Jess Griggs works in Kings College NHS Foundation Trust, a large teaching hospital in London, UK. She works as a Bone Marrow Transplant Co-ordinator and acts as a key link in the patient pathway from point of referral for transplant, coordinating all preparation activities and providing information and support for the patients and their carers. Jess is responsible for the scheduling of allogeneic bone marrow transplants for patients with acute myeloid leukaemia, chronic myeloid leukaemia and myelofibrosis.
Jess applied and was awarded the EBMT centre visit scholarship. Below she shares her experience.
I chose to spend a week in Tel Aviv, Israel, where I shadowed Simone Tal, the bone marrow transplant coordinator at Sheba Medical Centre, a large hospital thirty minutes from the centre of Tel Aviv.
Sheba is a much larger hospital than King's with 1700 beds in comparison to 950 at King’s and I was very impressed with their facilities for the patients and staff including two shopping centres, a hotel for patient’s relatives on site, a multi-story car park and plenty of food outlets.
Sheba Medical Centre and King’s College Hospital both admit approximately two hundred and fifty patients a year to have a bone marrow transplant. Sheba Medical Centre has so far treated 70 patients with CAR T therapy.
Whilst I was in Tel Aviv I was able to attend a lecture on CAR T therapy in relapsed/refractory large B - cell lymphoma at the Israeli BMT conference. This was presented by a Stanford Haematologist and focused on acute neurotoxicity in patients undergoing CAR T therapy. I found the lecture very informative and relevant to my work at King's College Hospital as we will soon be treating more patients with CAR T therapy.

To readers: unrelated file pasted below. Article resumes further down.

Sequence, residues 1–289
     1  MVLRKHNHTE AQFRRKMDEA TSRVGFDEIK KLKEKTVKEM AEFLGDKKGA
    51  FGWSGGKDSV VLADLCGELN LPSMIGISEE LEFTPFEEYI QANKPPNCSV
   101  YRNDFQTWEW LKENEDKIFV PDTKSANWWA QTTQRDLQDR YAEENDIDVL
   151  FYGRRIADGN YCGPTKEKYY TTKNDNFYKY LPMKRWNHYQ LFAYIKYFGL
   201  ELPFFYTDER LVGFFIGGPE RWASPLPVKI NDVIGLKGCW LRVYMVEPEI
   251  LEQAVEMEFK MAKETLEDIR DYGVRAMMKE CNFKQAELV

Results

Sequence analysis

During my time there the hospital opened three new rooms for CAR T cell patients as similarly to the UK the Israeli government has this year started funding CAR T cell therapy for lymphoma.
The bone marrow transplant ward had approximately 20 beds. There is a mixture of private patients from overseas who had chosen to have a transplant in Israel as well as Jewish and Arab Israelis whose transplant was funded by the government and Palestinian patients whose transplants were funded by the Palestinian Authority.
Jewish Israelis who had a volunteer unrelated donor (VUD) transplant usually had a matched donor from within Israel due to a very large donor pool. This is because many young Israelis sign up to the bone marrow transplant registry upon enlistment to the army, although joining the registry is not compulsory.
Palestinian patients face specific difficulties post-transplant: West Bank patients face problems obtaining a visa to return to Tel Aviv and have to start queuing at the checkpoint in the early hours of the morning to attend their post-transplant appointments; Gaza patients are kept on site post-transplant due to difficulties returning back to Israel for follow up appointments.
The differences and issues specific to the area were interesting to see although there were plenty of similarities between our two centres: the patients face the same challenges that come with having a bone marrow transplant.
It was a great experience overall and I was very well looked after by Simone. I would recommend the experience to any BMT nurse who has the opportunity to spend time at a different centre overseas.